The tragedy at Chhapra in Bihar that claimed the lives of 27 children from consumption of poisoned mid-day meals, apart from being an example of administrative failure, is a great opportunity to focus attention on the low-level equilibrium that public systems are entrapped in. I have blogged earlier about other instances of public systems caught in low-level equilibrium.
Consider the facts. The Mid day meal (MDM) program covers 120 million children in nearly 1.3 million schools and early childhood centers across the country. The government provides rice from the PDS and cash to cover the cost of other materials, including fuel. The Government of India (GoI) allocates 100 gms and 150 gms of rice for each primary and upper primary school child respectively. In addition, Rs 3.11 and Rs 4.65 per child is provided (being shared in the 75:25 ratio between GoI and state) to cover the cost of pulses, vegetables, oils, salt, condiments, and fuel.It has recently been raised to Rs 4.25 and Rs 5 respectively. The rice is drawn from PDS and the other items purchased locally. Some states supply pulses, oil, and even fuel (LPG cylinders) through the PDS fair price shop, while vegetables and ingredients are purchased locally. Each school has a kitchen shed and a cook-cum-helper for a school with upto 25 children, who is paid Rs 1000 per month (raised to Rs 1500 recently). For every 100 students, an additional helper is provided.
The program mandates that children of upper primary schools be provided 30 gms of pulses, 75 gms of vegetables, and 7.5 gms of oil. Even with the cheapest wholesale purchase of materials, it is impossible to provide MDM to these standards, anywhere in the country, even when done in massive scale. In addition the cost of transportation of materials, including for local purchases, is inadequate and rarely provided for. At a time when NREGS provides Rs 100-150 per day, it is very difficult to get people to work for even the increased amount of Rs 1500. The numerous other incidental expenses that come with managing such programs, especially in larger schools, have to be covered from the differential recovered by excess reporting. Not to speak of the problems associated with safe storage of provisions, water supply, and so on, all of which are sorely deficient in most schools across.
It is therefore obvious that it is not possible to deliver MDMs to the required standards with the prevailing allocation. The total unit cost of delivering mid-day meals of even barely acceptable quality is higher that that being allocated by the government. And it has been so for many years. The program though continues without much apparent discomfort, except for the occasional tragedies like the recent one. This equilibrium is underpinned by a rent-seeking chain which keeps all the major stakeholders satisfied.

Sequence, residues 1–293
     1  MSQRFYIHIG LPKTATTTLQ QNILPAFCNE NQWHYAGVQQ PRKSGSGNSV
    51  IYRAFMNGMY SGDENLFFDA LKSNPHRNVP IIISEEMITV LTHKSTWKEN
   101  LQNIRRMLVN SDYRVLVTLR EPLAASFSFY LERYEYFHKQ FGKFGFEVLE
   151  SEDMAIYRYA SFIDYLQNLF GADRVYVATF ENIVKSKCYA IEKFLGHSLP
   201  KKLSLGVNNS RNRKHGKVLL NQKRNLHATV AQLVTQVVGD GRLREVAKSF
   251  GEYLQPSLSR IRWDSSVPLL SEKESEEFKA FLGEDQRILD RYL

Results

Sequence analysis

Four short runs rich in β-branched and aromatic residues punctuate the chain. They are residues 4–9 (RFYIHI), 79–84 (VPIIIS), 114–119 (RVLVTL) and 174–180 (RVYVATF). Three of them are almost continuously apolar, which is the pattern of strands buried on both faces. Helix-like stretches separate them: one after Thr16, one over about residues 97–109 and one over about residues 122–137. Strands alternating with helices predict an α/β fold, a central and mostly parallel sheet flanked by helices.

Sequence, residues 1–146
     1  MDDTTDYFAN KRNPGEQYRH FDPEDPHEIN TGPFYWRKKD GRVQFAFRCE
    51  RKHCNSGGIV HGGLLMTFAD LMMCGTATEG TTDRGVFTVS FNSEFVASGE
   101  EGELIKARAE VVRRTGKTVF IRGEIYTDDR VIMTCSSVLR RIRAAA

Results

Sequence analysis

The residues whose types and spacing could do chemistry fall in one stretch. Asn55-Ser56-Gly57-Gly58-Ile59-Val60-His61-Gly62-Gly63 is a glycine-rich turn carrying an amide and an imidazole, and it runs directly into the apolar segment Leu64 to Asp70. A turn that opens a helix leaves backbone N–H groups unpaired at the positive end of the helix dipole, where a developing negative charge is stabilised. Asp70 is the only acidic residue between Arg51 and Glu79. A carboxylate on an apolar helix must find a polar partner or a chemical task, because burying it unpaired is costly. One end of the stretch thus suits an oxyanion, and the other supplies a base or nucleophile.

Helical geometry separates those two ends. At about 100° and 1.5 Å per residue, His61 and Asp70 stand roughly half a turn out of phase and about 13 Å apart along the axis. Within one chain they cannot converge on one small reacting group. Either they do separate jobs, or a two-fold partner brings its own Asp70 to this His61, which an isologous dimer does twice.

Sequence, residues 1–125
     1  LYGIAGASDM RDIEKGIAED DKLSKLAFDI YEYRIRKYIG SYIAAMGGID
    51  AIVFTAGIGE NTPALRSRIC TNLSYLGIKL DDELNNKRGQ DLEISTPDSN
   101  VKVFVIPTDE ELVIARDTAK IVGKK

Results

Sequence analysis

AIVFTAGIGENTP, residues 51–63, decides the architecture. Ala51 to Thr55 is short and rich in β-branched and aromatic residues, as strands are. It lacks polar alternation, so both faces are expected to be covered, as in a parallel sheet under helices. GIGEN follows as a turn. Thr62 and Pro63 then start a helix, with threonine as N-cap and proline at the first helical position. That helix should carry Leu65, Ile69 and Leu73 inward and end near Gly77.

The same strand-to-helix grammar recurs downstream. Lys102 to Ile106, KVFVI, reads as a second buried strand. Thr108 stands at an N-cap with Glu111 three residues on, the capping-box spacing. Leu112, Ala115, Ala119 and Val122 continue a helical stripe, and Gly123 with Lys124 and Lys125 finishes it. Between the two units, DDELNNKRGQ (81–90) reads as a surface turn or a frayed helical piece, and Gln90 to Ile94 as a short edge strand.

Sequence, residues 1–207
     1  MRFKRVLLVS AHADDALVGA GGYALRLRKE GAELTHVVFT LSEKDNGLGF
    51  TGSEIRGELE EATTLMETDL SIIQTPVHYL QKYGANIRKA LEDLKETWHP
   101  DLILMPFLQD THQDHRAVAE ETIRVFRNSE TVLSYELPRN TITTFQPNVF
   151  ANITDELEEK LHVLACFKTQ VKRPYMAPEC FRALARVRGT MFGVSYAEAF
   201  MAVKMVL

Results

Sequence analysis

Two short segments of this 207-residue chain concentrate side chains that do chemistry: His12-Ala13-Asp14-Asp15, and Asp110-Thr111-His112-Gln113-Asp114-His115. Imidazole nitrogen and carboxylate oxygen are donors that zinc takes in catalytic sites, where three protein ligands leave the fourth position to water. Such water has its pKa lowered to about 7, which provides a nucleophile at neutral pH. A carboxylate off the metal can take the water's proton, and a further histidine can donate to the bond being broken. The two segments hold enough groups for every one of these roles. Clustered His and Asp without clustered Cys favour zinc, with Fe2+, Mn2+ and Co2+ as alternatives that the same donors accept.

Central to this is the manipulation of daily attendance reported from each school. Since the school claims MDM reimbursement based on the daily attendance, the incentives are aligned towards boosting attendance reports. It is therefore no surprise that school headmasters mis-report attendance figures extensively. They either show excess enrollment and/or report enrollment as attendance. It is common practice for schools to show the enrollment figure itself as the attendance for all the days of a school year.
The differential between the amount (and rice and other provisions) claimed (based on enrollment) and the actual attendance is used to cover the additional cost incurred as well as grease the palms of people all along the rent-seeking chain. The scale of evasion varies across schools. But, given the inadequate allocation, most schools indulge in some form of evasion. The governments, both at state and center, with limited fiscal space to provide additional resources, prefer to let things lie.
Permissive supervision maintains the equilibrium. It not only prevents school head masters and unions from revolting, but even keeps them happy. Such accounting manipulation inevitably attracts the interests of local political leaders and supervisory officials all along the state education bureaucracy.
Since more or less everyone indulges in some form of evasion, it becomes virtually impossible to effectively enforce the MDM rules. Occasionally when some enthusiastic supervisory official or district collector cracks the whip with effective enforcement, all these issues come out into the open. Unions and head masters will protest demanding reimbursement that covers the true cost of actually providing mid-day meals. But reimbursement to cover the true cost of providing MDM is a matter with nationwide implications. So after a few days things settle down back to business as usual. This gets repeated ad-nauseum across the country.
Even the honest and committed school administrators fall prey to this, left with no choice but to condone the practice of manipulating attendance figures so as to make ends meet. There are of course a handful of exceptional schools, where teachers have been resourceful and lucky enough to manage voluntary contributions from local people and elsewhere, and manage the program within the allocated budget. But that is no way to run a program for 120 million children.
Given the numbers of schools involved, their geographical spread, and the deficient (numerous vacancies) and over-burdened bureaucracy, effective monitoring of daily attendance is an extremely difficult task. Though there have been several initiatives to accurately capture attendance across the country, several last mile gaps have been deterrents to their effectiveness. Efforts to involve local Self Help Groups (SHGs) in managing the program and social audits of its implementation, while undoubtedly desirable, cannot gloss over fundamental inadequacies. Unless they are resolved, more children will continue to pay with their lives.